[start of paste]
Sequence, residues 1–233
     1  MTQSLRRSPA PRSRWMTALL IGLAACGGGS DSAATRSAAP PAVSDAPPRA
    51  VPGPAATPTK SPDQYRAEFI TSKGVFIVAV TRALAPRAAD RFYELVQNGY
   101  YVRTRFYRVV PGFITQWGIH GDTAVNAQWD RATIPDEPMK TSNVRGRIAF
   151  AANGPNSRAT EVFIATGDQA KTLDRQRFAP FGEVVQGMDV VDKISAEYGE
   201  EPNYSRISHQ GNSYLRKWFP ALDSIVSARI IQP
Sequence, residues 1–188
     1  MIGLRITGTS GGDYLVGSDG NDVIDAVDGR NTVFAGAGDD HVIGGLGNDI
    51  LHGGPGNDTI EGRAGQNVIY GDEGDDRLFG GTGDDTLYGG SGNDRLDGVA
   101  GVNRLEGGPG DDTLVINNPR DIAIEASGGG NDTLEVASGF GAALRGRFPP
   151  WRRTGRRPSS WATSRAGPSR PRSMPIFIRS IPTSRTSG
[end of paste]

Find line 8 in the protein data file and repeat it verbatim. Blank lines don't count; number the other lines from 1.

     1  MIGLRITGTS GGDYLVGSDG NDVIDAVDGR NTVFAGAGDD HVIGGLGNDI